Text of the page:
REVIEW: #61 Horrid Henry’s Underpants
Author: Francesca Simon
Pages: 112 [Rating:3.5]
Synopsis: (Taken from Amazon.com)
Horrid Henry makes a deal with his parents in return for eating his veggies; accidentally wears girls’ underwear to school; tries to prove he is sicker than his brother; and writes the meanest thank-you cards ever (and makes money on it too).
Francesca Simon is one of the world’s best-loved children’s authors. She is the only American to have ever won the Galaxy Book Award, and her creation, Horrid Henry, is the #1 bestselling chapter book series in the UK—with a hit TV show and over fifteen million copies sold! Each book contains four easy-to-read stories and hilarious illustrations by the one and only Tony Ross, so even the most reluctant of readers won’t be able to resist Henry’s amazing talent for trouble!
Rarely do I ever see a major protagonist who is also an antagonist .. Henry is mean, a bully, and generally unlikeable. In fact, Henry is just absolutely horrid (har, har).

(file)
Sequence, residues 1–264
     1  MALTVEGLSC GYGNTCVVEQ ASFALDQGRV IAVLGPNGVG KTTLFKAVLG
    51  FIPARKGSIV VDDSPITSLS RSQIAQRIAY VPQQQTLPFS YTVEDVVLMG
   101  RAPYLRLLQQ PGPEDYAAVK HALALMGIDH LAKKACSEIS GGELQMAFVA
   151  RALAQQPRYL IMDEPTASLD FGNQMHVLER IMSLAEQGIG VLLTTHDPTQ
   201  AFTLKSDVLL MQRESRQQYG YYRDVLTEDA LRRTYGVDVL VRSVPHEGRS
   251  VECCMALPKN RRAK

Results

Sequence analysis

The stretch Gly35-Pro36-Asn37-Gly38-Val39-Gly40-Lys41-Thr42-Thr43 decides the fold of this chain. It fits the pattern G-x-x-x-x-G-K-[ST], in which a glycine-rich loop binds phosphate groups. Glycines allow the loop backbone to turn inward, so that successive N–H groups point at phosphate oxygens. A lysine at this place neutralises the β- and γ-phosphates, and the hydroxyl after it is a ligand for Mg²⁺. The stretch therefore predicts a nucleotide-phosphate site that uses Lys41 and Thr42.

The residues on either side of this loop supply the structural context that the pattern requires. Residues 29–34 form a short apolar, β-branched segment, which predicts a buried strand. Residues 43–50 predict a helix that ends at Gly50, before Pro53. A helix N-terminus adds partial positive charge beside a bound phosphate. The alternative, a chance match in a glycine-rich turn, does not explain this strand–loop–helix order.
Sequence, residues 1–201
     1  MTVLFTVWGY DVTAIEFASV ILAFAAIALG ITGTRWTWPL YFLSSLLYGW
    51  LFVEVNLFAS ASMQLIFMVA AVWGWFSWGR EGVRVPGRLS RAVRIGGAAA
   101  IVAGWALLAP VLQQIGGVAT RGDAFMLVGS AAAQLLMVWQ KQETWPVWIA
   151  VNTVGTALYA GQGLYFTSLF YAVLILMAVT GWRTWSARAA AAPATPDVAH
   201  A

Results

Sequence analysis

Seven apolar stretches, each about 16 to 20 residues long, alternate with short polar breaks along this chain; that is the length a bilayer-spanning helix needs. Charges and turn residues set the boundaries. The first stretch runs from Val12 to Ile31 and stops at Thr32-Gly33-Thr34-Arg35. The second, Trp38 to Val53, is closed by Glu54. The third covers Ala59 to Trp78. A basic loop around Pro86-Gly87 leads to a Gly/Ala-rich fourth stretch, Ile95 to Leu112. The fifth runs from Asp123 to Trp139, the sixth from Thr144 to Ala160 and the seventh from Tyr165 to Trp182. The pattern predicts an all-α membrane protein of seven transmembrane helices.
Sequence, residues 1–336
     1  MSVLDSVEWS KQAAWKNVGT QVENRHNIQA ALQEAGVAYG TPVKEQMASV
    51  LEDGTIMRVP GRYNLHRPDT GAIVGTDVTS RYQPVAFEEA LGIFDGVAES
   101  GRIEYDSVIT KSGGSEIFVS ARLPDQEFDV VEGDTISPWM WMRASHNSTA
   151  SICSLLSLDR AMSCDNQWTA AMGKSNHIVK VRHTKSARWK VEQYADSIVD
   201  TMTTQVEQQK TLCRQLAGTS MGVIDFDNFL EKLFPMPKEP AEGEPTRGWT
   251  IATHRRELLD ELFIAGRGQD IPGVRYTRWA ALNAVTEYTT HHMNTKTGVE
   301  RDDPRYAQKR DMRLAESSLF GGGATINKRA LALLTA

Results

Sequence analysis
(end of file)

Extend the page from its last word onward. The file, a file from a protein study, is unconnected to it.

Basically Henry has a pretty normal family – a younger brother named Peter (dubbed “Perfect Peter”) and two loving parents who only want what is best for him. Somehow, though – Henry is all about being just plain nasty and manipulative (a true sociopath in the making!) (Anyone want to put dibs on an adult version titled “Homicidal Henry”?)
The book is split into a few stories, all of which Henry is trying to accomplish some self-absorbed selfish task. In the first story, his family is trying to coerce him into eating his vegetables but all Henry wants is junk food, junk food, junk food. They agree that if he eats his vegetables every day for 5 days, they will take him to his favorite fast food restaurant. Henry agrees – but that doesn’t mean he’s going to give in easy to his promise.
Horrid Henry has humerous bits – and I think it’s an entertaining read for it’s age group (9-12) though I think kids as young as 5 would really enjoy this type of book. I think it would allow children, through reading, to live out their fantasies as being “tricky”. I do encourage parents to, after their children have read the stories, to discuss it with each other. After all, we wouldn’t want Henry to suddenly become a hero.